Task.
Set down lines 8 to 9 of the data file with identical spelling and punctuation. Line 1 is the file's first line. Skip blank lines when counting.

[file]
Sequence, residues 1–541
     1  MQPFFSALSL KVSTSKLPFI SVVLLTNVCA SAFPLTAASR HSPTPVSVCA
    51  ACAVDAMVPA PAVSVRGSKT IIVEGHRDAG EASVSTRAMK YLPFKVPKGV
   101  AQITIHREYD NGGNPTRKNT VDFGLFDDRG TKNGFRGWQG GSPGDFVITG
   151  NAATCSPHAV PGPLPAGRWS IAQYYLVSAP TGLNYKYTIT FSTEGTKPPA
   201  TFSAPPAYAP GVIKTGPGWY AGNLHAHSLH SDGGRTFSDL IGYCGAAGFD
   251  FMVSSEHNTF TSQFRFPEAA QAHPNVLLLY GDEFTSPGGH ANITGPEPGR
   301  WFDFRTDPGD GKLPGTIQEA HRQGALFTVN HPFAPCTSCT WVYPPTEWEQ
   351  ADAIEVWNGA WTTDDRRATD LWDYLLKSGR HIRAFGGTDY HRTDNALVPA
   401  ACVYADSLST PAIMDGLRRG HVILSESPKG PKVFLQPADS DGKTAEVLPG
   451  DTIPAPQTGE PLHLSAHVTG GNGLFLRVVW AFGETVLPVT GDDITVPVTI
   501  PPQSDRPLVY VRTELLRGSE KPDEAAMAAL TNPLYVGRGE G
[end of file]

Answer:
   301  WFDFRTDPGD GKLPGTIQEA HRQGALFTVN HPFAPCTSCT WVYPPTEWEQ
   351  ADAIEVWNGA WTTDDRRATD LWDYLLKSGR HIRAFGGTDY HRTDNALVPA